John Langford closed out the pre-lunch festivities with a talk on manned unmanned aircraft – a direction he thinks UAVs are headed. His video of a modified DA-42 his company, Aurora Aviation, calls the Centaur, was a preview of what autonomous aircraft might accomplish daily in the near future. The pilot does not touch the controls from takeoff through cruise to a final perfect touchdown. The aircraft has a safety pilot, something the FAA will probably insist on for early applications of this technology. http://www.youtube.com/watch?v=5WlSMAsg10M
The company’s lineup of unmanned aircraft of various sizes is part of their over two score such craft built in their 24 year history. http://www.aurora.aero/Index.aspx
We’ll follow with two more reports – one for the afternoon sessions on Friday, April 25, and the second for the Saturday morning sessions. The breadth and depth of presentations was exciting and challenging, and worth noting for future reference.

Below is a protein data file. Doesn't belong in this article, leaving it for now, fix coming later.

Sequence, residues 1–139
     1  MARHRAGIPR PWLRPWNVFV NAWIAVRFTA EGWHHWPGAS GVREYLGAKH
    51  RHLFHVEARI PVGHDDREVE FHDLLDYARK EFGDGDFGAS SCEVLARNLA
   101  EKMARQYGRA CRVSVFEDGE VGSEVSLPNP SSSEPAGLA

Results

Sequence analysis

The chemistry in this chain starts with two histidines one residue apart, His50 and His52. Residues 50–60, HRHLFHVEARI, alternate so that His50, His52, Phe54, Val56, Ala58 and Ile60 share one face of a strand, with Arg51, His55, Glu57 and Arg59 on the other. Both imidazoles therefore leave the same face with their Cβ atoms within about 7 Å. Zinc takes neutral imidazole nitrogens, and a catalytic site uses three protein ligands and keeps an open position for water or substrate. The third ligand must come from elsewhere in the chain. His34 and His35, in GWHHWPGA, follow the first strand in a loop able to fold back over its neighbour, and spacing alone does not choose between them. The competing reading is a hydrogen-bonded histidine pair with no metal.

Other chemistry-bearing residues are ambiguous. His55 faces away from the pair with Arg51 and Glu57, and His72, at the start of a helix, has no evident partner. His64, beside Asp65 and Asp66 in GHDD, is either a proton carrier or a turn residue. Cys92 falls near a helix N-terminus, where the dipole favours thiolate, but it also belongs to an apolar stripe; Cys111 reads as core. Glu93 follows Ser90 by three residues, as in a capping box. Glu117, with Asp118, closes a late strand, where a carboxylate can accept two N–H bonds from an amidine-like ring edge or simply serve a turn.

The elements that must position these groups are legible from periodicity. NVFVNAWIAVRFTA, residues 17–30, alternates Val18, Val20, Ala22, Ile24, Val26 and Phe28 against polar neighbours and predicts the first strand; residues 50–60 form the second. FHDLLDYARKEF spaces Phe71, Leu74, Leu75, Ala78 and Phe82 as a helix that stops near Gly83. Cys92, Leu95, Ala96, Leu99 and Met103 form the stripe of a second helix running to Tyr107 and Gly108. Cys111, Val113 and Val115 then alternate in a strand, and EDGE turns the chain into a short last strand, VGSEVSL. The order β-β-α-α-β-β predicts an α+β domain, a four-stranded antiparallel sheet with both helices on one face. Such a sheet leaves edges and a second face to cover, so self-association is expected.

Veteran Kitplanes writer / photographer Tom Wilson is seen here, working on a cover shot for an upcoming Retro Flight Review of the Starduster - a still popular plans-built aerobatic biplane. As Tom likes to point out, sometimes, you have to go to great heights to get just the right angle. Kitplanes recognizes that while the latest and greatest designs are always popular, many builders continue to lust over designs they have followed for years. These airplanes are our heritage and the foundation of the homebuilding world, and deserve just as much coverage for those who want to feel the wind in their hair and see the world through struts and wires.
One of the best parts about working for KITPLANES is the opportunity I get to wander around a large show like Sun 'n Fun and talk with builders, pilots, and vendors about our industry, the show, and their impressions of what is going on. I have been to Sun 'n Fun the past three years, and while we have all been a bit worried about the level of focus on Experimentals and the state of the market, I can tell you that to me, this year seems to be better than I remember. While the Experimental world is far from being the focus of Sun 'n Fun, I have not seen a tremendous drop-off in attendance by the companies who support our industry and usually attend the big shows. A few have stopped doing Sun 'n Fun because of travel costs and a lower percentage of visitors from the Experimental world—but many are right where they have always been—and to my eye, they have remained busy.